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Copyright

A guide to copying and digitization at Brandon University

Streaming Video / YouTube


Online Streaming Videos (from UBC's site on Copyright Resources)

You are free to display online streaming videos (including Youtube videos) in the classroom, provided that the videos meet the requirements listed above, and that you also satisfy the following criteria:

  1. you do not break or circumvent a Digital Lock to access or obtain a copy of the work;
  2. there is no clear and visible notice on the website or on the work itself that prohibits the use or reproduction of the work (more than just a copyright symbol);
  3. the website is not questionable, infringing or clearly using the works without the copyright owner’s consent ; and
  4. you identify the source of the work and, if available and applicable, the author, performer, maker or broadcaster of the work.

Since it can be difficult to determine whether your use of an online streaming video satisfies these requirements, it is worth discussing each requirement in more detail.

First, please keep in mind that it is illegal to tamper with any digital lock. So if any streaming video includes a digital lock of any kind, it cannot be circumvented. Common examples of digital locks include paywalls and other forms of password-protection, as well as any software that prevents you from accessing, downloading, copying, or editing a digital file without the permission of the copyright owner. 

Second, if you wish to display an online streaming video in class, then you must examine the webpage where the video has been made available, as well as the parent website, to see if there is a notice that prohibits reproduction of the work. Such a notice might be placed in the immediate vicinity of the video itself, or it could be included within the general legal notices for the parent service or website. When searching for such notices, it helps to look at the links placed at the very bottom of the page, and particularly for links that contain the words "Terms of Use," "Legal," or "Copyright." To mention two popular examples, both iTunes and Netflix have terms of use agreements that prohibit users from displaying content for anything other than personal use.

Third, you must do your best to determine whether the video has been made available with the copyright owner's consent. For instance, while it is easy to find clips from commercial films in Youtube, most of these clips have been uploaded without the copyright owner's consent, and would therefore not be permissible to display in class. To determine the legitimacy of an online streaming video, a good first step is to view the user account information for the party who uploaded the video. If the uploader is an anonymous individual who provides no information about the video's provenance (e.g., its origins and the rights under which it is being made available), then the video is less likely to be a legitimate copy. By contrast, if the uploader identifies themselves, provides contact information, and includes some mention of the video's provenance, then the video is more likely to be a legitimate copy. If in doubt, then try contacting the uploader to seek clarification.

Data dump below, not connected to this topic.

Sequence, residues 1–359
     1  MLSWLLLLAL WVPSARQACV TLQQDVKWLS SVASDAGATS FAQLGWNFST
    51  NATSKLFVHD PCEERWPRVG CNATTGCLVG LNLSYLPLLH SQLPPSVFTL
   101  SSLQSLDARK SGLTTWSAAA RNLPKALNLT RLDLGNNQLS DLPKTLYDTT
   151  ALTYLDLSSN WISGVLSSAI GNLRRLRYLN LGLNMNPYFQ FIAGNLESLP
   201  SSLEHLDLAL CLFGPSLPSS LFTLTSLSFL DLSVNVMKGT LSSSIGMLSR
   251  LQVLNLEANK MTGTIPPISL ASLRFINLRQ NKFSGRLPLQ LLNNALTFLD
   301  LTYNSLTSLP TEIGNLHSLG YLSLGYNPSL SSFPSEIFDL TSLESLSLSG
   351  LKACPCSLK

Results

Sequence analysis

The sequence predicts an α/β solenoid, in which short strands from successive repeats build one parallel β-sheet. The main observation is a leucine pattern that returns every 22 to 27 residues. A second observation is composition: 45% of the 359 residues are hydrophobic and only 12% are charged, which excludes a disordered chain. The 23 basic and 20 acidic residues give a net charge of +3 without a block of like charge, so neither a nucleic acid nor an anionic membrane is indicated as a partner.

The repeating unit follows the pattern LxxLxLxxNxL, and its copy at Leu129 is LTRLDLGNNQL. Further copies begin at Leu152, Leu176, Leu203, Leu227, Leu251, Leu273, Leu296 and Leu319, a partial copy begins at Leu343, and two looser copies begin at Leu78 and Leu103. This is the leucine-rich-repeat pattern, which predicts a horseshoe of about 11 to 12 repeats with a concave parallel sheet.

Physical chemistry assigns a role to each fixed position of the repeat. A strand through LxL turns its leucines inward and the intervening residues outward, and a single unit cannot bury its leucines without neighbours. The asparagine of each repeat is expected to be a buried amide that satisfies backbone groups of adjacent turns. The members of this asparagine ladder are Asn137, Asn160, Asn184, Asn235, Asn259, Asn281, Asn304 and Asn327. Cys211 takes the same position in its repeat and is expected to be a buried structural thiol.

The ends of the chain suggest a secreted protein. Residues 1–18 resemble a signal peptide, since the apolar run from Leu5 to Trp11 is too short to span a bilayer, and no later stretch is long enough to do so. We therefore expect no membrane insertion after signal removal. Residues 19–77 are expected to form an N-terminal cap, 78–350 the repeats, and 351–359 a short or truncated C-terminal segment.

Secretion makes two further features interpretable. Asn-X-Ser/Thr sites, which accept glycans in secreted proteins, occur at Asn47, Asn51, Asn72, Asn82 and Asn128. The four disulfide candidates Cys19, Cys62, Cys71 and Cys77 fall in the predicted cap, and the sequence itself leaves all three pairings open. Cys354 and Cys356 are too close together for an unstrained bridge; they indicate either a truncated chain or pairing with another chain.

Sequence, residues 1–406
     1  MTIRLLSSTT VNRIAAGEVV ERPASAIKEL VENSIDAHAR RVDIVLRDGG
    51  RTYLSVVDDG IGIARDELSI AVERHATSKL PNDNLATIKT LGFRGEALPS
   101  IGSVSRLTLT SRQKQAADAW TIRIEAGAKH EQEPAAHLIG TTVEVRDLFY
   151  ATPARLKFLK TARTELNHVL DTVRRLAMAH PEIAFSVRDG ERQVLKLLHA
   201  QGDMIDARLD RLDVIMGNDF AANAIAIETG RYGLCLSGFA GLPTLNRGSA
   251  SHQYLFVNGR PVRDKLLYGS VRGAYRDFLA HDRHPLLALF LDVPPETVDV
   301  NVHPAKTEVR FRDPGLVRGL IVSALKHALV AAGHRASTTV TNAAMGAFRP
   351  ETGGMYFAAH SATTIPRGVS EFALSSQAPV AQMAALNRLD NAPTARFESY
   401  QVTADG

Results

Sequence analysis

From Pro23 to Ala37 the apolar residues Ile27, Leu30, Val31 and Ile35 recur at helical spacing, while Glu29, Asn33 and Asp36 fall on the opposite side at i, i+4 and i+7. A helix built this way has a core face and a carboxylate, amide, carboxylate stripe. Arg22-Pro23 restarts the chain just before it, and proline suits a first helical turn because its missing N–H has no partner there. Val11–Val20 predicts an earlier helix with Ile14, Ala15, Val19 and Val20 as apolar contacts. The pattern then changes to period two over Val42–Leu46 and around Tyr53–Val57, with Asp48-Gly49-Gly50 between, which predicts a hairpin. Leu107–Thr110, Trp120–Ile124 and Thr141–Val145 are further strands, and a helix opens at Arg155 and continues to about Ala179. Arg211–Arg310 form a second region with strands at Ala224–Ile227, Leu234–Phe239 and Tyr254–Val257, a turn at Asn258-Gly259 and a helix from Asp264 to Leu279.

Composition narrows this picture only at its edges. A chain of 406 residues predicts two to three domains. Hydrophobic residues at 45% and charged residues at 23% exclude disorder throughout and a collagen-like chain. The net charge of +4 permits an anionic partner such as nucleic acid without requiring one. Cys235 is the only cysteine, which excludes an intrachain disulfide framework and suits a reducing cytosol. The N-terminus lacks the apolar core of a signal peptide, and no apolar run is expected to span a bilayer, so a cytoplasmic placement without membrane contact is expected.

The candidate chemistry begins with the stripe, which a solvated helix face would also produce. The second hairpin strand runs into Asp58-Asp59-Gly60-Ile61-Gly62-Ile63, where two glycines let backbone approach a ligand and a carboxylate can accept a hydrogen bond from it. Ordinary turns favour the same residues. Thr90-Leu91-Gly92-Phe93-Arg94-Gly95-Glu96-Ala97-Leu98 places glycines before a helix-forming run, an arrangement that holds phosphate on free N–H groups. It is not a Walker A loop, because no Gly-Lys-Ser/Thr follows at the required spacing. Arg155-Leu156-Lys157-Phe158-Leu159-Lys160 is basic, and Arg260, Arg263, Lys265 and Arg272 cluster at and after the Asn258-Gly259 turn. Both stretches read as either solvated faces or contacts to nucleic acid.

There are many websites where you can search for videos that include advance permission for educational use, whether through Creative Commons licenses or through the website's "Terms of Use." Examples include: TEDTalks (http://www.ted.com/), Creative Commons Content Directories (http://wiki.creativecommons.org/Content_Directories), and the Internet Archive (http://archive.org). 
 

 

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Carmen Kazakoff-Lane
Contact:
Carmen Kazakoff -Lane, Scholarly Communications Librarian
John E. Robbins Library - ( LB 2-19 )
270-18th Street
Brandon, Manitoba
R7A 6A9

Ph: (204) 727-7483

VIDEOCONFERENCING:
*Microsoft Meetings: Kazakoff@brandonu.ca
*Zoom Invite to Kazakoff@brandonu.ca


Website Skype Contact: Kazakofflane